At the Feb. 21 Council meeting, elected officials discussed how to spend $1.645 million in pandemic relief provided by the Biden Administration that’s still leftover.
The big winners were public access broadcaster KCAT, which will receive a one-time infusion of $100,000, Los Gatos Saratoga Recreation which was handed the reduced amount this year of $225,000 to continue its 55+ program, and $50,000 for senior services.
And Council added $150,000 to the community grant program, which received rave reviews from the elected officials.
Councilmembers wanted to wait for additional closed-session discussions before potentially offering New Museum Los Gatos or LGS Rec rent reductions.
“I think we do need to remember that we do have $1.6 million available; with the changes that we’ve discussed, I think it still leaves $1 million available, and that’s without getting into the capital part of it,” said Councilmember Matthew Hudes, who made the funding motion. “I think that we have frankly not been aggressive enough on the use of ARPA funds, as evidenced by the fact that we thought we had allocated all of them last year, and now we have 1.6 (million). And I wouldn’t be surprised if we found some more after we go through the capital and figure we can’t spend that by the timing that we need to.”
Hudes said he was aware that through the budget process more money could be directed to other places.
“A budget, you know, it’s your best information,” he said. “It’s not something that you can’t change later.”
Councilmember Rob Rennie seconded the motion, saying leaving out rent reductions was a good compromise.
Councilmember Rob Moore said he was concerned that $50,000 might not be enough to cover homeless services.
Moore said he was a bit uncomfortable giving LGS Rec a quarter-of-a-million dollars before rent negotiations have been completed, but in the end he joined the rest of Council in supporting Hudes’ motion.
Vice Mayor Mary Badame asked Police Chief Jamie Field how many homeless people there are in Los Gatos.
Field said there are around 12-24 homeless people in Los Gatos, and noted she would gather more data about the people who attend a local pantry program.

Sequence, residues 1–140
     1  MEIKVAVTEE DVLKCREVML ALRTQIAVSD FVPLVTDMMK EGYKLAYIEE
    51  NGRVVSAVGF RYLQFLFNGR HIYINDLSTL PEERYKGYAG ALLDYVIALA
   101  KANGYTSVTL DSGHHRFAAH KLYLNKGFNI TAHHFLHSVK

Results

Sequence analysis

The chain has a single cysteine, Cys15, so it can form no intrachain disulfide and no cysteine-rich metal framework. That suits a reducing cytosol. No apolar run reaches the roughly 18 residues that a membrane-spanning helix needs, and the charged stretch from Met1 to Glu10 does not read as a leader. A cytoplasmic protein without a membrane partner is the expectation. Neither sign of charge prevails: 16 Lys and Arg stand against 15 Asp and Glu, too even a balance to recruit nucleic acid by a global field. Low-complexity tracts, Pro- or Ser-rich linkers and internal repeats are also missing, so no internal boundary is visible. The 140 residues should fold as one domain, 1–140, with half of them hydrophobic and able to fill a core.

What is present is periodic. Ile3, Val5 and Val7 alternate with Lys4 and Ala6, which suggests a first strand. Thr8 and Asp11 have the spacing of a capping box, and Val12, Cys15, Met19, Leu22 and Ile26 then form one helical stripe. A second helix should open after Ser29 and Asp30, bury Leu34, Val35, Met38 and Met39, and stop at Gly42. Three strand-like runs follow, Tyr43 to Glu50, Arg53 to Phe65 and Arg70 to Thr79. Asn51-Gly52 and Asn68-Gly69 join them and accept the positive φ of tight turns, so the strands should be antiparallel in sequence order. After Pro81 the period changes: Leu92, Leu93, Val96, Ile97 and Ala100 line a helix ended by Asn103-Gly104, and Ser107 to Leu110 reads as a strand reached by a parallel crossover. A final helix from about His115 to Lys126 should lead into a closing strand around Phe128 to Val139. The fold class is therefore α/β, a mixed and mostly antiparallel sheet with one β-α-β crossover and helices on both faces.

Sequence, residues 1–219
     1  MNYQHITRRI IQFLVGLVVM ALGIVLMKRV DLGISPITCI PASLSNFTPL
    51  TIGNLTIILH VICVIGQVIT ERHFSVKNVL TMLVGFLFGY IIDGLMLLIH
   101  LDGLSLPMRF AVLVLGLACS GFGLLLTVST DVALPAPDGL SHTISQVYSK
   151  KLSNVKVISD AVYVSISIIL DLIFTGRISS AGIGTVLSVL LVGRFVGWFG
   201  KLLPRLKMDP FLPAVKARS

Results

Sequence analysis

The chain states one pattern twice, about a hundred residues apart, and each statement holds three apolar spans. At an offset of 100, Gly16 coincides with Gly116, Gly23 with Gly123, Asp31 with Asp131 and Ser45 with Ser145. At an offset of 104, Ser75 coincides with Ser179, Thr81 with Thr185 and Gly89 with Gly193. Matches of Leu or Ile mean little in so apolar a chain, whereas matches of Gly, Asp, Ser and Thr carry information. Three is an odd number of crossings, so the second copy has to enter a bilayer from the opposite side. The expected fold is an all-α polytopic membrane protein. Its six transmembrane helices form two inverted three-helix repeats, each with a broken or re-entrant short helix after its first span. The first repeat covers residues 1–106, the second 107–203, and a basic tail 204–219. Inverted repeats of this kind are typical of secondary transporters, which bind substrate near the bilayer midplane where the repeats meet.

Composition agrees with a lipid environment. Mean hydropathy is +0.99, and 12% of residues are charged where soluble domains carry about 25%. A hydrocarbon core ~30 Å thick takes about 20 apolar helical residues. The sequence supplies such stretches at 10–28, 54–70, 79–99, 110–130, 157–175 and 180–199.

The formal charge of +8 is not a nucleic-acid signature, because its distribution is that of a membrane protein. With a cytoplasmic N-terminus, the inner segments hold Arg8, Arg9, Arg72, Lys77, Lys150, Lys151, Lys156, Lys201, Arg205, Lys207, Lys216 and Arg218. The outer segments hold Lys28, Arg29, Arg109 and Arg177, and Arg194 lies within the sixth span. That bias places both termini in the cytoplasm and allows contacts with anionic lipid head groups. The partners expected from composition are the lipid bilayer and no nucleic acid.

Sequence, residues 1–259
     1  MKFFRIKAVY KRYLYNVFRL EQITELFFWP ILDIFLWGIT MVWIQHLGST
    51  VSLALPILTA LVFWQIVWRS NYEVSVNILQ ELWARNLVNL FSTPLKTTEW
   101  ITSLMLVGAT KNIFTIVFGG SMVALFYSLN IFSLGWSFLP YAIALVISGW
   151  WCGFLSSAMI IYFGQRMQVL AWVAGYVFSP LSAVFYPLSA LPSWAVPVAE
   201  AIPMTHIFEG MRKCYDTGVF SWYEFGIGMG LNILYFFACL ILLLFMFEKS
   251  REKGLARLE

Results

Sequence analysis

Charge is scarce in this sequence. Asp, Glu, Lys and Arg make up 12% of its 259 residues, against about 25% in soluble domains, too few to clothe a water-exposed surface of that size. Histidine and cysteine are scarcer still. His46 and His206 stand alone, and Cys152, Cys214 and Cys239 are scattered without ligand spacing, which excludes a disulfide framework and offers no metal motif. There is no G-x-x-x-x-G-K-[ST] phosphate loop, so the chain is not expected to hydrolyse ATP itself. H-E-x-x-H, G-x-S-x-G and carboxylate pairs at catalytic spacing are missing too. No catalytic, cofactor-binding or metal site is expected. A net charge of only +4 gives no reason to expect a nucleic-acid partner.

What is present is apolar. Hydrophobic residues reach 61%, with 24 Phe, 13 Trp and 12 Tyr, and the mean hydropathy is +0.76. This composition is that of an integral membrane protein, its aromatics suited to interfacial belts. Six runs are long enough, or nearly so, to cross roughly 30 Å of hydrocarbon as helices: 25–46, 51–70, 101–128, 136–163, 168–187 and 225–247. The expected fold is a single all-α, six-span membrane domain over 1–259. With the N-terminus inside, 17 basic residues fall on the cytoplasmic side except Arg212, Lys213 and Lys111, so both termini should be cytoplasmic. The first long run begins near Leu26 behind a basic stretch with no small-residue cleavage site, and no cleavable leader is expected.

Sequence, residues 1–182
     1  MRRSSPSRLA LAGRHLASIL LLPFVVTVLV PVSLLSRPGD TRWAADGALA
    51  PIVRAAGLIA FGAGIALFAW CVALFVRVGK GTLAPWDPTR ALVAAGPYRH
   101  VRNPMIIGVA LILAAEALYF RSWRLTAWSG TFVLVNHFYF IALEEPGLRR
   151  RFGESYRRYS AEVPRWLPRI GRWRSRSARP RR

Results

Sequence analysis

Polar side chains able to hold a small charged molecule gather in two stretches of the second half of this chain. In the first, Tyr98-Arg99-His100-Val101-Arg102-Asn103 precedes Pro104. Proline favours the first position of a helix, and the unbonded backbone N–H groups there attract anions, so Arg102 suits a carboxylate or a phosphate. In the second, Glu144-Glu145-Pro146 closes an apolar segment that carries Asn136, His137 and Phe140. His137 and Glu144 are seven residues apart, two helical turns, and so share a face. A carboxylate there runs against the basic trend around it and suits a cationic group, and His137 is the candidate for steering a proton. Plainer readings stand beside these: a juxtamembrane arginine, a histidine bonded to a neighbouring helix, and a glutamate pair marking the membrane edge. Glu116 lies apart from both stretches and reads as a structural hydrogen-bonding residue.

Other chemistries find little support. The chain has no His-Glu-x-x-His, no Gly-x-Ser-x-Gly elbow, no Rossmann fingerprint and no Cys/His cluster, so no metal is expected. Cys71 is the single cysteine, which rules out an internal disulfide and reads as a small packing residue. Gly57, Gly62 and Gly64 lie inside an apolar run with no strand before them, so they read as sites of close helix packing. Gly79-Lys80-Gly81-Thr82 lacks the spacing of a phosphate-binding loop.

Hudes also tried to get the rest of Council on board with directing the Town to add a senior services coordinator who would work one-day-a-week, and to up the open emergency preparedness position from a half-time to a full-time job.
Town Manager Laurel Prevetti said it was hard to know what a seniors services role would look like ahead of a discussion on the senior services roadmap—which had plenty of ideas of what that employee might be involved with.
Asking staff to do work on any less than a half-time basis might not be the best idea, she added.
“It’s just very hard for continuity of service,” she said. “Or you say you can work two hours a day on this. But that’s not very efficient, really, because you’re jumping in and out of other work assignments.”
Badame asked Hudes to soften his motion slightly to indicate the part-time senior services position was simply a “placeholder” and might not come to fruition during the budget process.
Hudes said he was happy to do so, and got his second for the motion.
Rennie said the Finance Commission was tasked with coming up with new revenue-generation opportunities over a year ago.
“But I haven’t seen that happen yet,” he said. “When I look at the forecast, even if I add some things in that I think are missing, we still feel a little bit short.”
Rennie said he couldn’t support a staffing increase based on “imagined” additional revenue.
Prevetti said the Town already has a lot on its plate with its upcoming equity plan implementation.
So, a vote on Hudes’ motion did not pass.
“It’s hard,” said Mayor Maria Ristow. “My vote does not reflect my commitment to seniors.”
Hudes came up with another motion, to direct someone to be a point-of-contact to help with the senior services roadmap—at a level not to exceed one day a week.
“Our senior services commission has not had that kind of staff support,” he said. “Many other commissions have, and that’s one of the reasons that we’ve gotten into the hole. That put us in the place that we’re at with senior services.”
Rennie seconded it.
This vote was unanimous.